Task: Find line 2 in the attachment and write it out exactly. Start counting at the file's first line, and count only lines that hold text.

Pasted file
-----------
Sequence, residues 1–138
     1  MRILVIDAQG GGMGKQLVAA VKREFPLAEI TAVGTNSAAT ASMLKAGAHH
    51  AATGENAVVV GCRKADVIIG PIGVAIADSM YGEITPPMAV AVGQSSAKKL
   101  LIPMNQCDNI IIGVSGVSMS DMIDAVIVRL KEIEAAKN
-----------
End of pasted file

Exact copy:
     1  MRILVIDAQG GGMGKQLVAA VKREFPLAEI TAVGTNSAAT ASMLKAGAHH